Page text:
Kathryn Greene-McCreight is a priest at the Episcopal Church of Yale. She’s also diagnosed bipolar and authored an insightful book called, Darkness is My Only Companion: A Christian Response to Mental Illness. In the book she journeys through her struggles with bipolar disorder, how the church has helped and hindered, and how she’s received treatment from those who aren’t particularly religious. Through her illness she grew in faith and love for Jesus. She paraphrases Psalm 139:12 and applies it to her new gained perspective about her illness,

Darkness is not dark to you. Even though I may feel that darkness is my only companion, to know that the darkness and the light are alike to you is great comfort. Spring should come soon.

Emerging from her struggles, Greene-McCreight prophetically writes to the Church,

Depression is not just negative thinking. Depression is not just being “down.” It is being cast to the very end of your tether and, quite frankly, being dropped. Likewise, mania is more than speeding mentally, more than euphoria, more than creative genius at work. The sick individual cannot simply shrug it off or pull out of it. While God certainly can pick up the pieces and put them together in a new way, this can happen only if the depressed brain makes it through to see again life among the living. At the time of free fall such a possibility seems absolutely unimaginable. Christians who have not experienced either pole—the high of mania or the low of depression—must try to accept that this is the case, even if they cannot understand it.

There’s so much learning we need to do as the Church.

And the first step to learning more is to stop taking a genuine illness and hyper-spiritualizing it as weak faith or a lack of dependency on God.



There’s a message in the Church that says if you have enough faith then you won’t get sick and you won’t get poor. The vast majority of Christians don’t believe this caricature of the Gospel. Jesus never taught that. But it’s funny that some of us are still likely to think that if someone is sick – especially if they’re severely depressed, bi-polar, or schizophrenic – that they are less “spiritual” or that their quality of faith is in decline.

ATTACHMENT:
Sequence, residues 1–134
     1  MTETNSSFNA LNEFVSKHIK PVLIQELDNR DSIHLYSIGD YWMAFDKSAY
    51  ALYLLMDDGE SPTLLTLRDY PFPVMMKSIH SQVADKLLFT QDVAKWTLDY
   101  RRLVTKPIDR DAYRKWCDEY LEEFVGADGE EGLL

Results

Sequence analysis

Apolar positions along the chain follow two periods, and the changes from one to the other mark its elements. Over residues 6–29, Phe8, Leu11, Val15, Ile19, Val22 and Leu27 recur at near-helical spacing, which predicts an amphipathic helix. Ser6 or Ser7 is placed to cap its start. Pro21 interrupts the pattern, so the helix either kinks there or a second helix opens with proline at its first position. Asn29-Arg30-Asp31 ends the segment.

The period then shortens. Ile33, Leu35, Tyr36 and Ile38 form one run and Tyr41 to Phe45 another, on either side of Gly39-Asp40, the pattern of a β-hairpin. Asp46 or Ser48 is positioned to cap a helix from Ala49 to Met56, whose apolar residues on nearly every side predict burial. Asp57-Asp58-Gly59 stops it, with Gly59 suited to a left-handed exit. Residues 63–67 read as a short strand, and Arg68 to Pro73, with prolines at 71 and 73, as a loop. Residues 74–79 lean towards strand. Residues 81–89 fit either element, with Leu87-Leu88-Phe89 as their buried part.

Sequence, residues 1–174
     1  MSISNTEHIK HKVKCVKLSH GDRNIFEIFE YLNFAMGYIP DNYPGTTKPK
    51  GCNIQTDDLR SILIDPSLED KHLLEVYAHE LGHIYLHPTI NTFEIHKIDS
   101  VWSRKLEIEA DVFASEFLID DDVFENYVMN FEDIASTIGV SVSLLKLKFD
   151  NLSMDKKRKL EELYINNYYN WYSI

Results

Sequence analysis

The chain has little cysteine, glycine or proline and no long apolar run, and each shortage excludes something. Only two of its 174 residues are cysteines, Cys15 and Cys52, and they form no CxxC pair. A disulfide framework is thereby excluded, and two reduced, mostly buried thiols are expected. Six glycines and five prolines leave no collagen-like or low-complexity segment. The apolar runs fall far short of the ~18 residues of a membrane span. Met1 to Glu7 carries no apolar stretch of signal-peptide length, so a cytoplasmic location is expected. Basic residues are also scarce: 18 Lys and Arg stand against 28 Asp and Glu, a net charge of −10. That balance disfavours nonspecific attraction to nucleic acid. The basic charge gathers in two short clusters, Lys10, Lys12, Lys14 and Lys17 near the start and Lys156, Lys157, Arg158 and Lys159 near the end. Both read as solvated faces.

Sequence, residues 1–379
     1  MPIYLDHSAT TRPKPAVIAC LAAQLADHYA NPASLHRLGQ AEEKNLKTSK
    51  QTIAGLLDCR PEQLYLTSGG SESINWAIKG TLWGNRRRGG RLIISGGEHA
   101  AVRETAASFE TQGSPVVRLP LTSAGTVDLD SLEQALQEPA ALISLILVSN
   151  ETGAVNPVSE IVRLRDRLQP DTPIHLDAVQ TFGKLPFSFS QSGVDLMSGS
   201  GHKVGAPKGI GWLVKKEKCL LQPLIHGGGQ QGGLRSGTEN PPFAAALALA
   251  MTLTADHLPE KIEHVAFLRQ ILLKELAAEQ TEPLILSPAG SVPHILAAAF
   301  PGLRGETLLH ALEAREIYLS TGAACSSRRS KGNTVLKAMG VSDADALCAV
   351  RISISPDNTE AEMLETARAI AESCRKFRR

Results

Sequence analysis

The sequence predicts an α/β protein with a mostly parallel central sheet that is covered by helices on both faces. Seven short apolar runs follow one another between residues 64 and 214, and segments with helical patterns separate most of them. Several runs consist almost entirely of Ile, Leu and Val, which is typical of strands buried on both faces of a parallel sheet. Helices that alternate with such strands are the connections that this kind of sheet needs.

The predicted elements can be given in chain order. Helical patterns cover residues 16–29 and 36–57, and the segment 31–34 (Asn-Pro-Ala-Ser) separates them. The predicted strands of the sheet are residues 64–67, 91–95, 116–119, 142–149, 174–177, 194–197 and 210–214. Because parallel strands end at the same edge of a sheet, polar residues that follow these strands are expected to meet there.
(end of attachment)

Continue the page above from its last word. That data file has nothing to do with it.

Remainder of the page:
This way of thinking is just another version of the Prosperity Gospel.

Hyper-religious people will hyper-spiritualize health issues, especially mental illness. While I believe everything in life is spiritual, I don’t believe everything in life is miraculously cured by praying more and reading the Bible more. At times hyper-religious activity even induces more mental stress and unhealth.

I’ve known too many people where mental illness became the avenue through which they expressed and explored deep faith and genuine intimacy. Like all other adversity, mental illness is an opportunity for those with deep faith to exercise it and for those with shallow roots to grow deeper and stronger.

The Gospel says that in Christ, God displayed so much love for you that neither sin nor sickness can negate your value to him. In Jesus’ death, he took on your sin and sickness. And in Jesus’ resurrection, he’s bringing you hope and healing.

Christ is present in our sickness so that God can experience it for himself. So if in Christ God fully empathizes with our sickness, then why continue the stigma around mental illness?

In Christ, there is no good reason not to talk about mental illness. So let’s talk about it.